International Women's Day, held on March 8th, is an important annual marker that allows us both to celebrate some of the world's most inspirational women, and also the leadership women provide in economic, social and political spheres across the globe.
But what the day also highlights is the barriers that women continue to face in achieving success and recognition, particularly in the workplace. These are challenges that will need a concerted, year-round effort to overcome - International Women's Day has an important role to play in raising public awareness, but it must be a spur to greater action, not an end-point after which we stop campaigning for women's rights in the workplace and beyond.
One of the main issues we face even in a developed economy and society like the UK is the expectations that are implicitly set for girls. In my all-girls high school, there was no point at which any career was discussed - let alone a successful, prosperous one. When I left sixth form after three weeks, satisfied with a part-time retail job, I had no direction and no passion to seek a challenging career, something I now partly ascribe to the lack of expectations that had been set for me during my education.
Even taking my first proper step on the career ladder, with an apprenticeship at Telefónica, didn't immediately get me to value my own abilities and set myself the right challenges. It took at least six months to realise that there was nothing to stop me achieving as much as my male colleagues, and that no-one was going to put the opportunities on a plate - it was up to me to go and seize them.
The struggle I had to get started with my career has inspired me to try and help other young women who are being held back from the success they could have. I began to realise that my experiences were not uncommon at last year's One Young World summit in Pittsburgh, where I attended a breakout session debating the value of mandatory quotas for women on company boards.
Natalia Vodianova speaks at the Women Up special session at One Young World Summit 2012 in Pittsburgh
One Young World brings together some extraordinary people from across the world, the founders and driving forces of influential social enterprises and community projects. At the session I attended, there was much discussion about the lack of opportunities for women in the workplace, the unattractiveness of the corporate environment for girls, and the insidious perception that women will ultimately prioritise family over the development of their career.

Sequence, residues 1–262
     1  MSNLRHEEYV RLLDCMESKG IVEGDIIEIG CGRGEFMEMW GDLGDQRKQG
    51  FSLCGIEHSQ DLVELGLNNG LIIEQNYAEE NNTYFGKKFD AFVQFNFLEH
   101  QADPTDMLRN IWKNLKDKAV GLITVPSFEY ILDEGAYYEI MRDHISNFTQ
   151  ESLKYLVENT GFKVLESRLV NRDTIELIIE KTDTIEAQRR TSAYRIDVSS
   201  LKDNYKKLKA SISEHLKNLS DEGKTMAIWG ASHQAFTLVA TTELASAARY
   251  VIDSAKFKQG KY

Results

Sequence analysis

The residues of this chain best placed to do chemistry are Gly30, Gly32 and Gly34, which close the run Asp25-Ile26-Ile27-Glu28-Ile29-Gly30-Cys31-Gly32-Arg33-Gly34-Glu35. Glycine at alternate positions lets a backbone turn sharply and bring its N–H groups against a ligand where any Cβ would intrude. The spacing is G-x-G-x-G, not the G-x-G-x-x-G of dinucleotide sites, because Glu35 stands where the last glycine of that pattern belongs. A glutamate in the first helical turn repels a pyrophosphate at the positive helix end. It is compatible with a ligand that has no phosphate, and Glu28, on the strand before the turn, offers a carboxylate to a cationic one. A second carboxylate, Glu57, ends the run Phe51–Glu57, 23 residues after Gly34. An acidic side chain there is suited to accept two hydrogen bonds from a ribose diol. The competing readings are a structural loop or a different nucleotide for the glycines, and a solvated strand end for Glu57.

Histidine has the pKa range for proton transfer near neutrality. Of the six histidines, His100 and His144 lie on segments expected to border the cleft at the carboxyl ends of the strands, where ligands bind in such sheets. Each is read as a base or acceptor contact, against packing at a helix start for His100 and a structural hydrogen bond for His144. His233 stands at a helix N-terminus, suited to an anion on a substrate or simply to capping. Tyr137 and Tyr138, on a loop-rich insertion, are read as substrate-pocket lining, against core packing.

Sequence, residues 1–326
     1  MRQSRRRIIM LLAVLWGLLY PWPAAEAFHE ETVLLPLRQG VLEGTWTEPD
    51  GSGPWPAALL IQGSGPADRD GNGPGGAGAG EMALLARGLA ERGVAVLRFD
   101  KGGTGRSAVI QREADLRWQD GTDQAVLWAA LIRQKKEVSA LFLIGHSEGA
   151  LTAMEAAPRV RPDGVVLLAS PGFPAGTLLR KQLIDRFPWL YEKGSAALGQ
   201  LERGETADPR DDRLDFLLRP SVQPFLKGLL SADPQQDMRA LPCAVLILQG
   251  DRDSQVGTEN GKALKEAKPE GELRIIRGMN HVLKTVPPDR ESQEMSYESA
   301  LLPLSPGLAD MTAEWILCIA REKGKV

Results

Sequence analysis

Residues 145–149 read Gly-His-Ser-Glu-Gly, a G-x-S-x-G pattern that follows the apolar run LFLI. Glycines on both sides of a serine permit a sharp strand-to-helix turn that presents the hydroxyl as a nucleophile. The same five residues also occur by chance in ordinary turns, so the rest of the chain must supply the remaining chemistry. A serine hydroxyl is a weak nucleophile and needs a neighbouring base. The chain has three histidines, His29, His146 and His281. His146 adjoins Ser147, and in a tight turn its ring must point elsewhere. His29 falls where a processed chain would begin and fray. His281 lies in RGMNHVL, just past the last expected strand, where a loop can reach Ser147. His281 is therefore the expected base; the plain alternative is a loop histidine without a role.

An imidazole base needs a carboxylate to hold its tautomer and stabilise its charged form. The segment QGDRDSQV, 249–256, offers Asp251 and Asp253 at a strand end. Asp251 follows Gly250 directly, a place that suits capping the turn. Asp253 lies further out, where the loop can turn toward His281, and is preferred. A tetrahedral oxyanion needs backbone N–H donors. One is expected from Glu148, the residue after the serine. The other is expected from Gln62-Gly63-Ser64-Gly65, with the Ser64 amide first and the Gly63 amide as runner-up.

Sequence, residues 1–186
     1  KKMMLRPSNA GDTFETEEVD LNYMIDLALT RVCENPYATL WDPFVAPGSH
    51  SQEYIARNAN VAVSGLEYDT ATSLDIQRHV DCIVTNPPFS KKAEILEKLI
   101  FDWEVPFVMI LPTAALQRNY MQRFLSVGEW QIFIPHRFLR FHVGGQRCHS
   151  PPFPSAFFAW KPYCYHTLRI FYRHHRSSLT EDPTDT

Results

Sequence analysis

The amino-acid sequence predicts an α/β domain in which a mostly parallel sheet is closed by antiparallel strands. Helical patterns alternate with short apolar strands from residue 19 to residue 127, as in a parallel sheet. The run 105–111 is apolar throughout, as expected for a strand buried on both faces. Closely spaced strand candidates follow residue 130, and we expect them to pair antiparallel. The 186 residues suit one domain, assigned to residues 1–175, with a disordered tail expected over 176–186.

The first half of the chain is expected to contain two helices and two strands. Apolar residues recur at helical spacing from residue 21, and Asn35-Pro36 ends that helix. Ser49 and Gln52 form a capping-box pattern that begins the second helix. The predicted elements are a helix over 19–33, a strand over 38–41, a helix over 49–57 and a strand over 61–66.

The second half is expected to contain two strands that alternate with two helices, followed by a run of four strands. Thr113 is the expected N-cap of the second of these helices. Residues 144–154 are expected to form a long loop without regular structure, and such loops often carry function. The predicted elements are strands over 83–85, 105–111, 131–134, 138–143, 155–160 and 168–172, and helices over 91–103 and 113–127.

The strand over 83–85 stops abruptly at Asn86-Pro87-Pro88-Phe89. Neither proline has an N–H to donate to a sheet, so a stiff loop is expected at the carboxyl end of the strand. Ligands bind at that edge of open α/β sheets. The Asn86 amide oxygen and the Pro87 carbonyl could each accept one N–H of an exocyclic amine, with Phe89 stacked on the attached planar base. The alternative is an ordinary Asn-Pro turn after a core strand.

Hearing these difficulties voiced by the inspirational, successful young women at One Young World convinced me that the barriers we face are real and must be challenged. That is why, with Telefónica's support, I have established an outreach scheme called 'Inspiring You', aiming to support girls aged 14-15 with their career ambitions.
The programme will run workshops in employment skills including CV writing, interview technique, and how to find the right job. Sessions will also feature a tour of the Telefónica Leeds offices - demystifying the corporate environment and hopefully allaying the fears many girls have about entering the workplace - and talks from inspirational female role models.
With 'Inspiring You', I am aiming to support aspirational young women in their mid-teens, at precisely the age when many girls allow themselves to be convinced that they are somehow less capable than their male peers of having a successful career. Eventually, I hope the scheme will be able to support unemployed young women across a wider age range find a career that works for them.
These are the girls who need to be convinced of their ability, and shown the opportunities that are there for the taking. To reach them all, we need to turn International Women's Day into a year-round campaign that champions women's leadership, and shows girls that they can achieve any career if they want it enough.
Lucy Paine is an advanced apprentice at Telefónica, and an ambassador for One Young World, the charity which hosts a global forum for youth leaders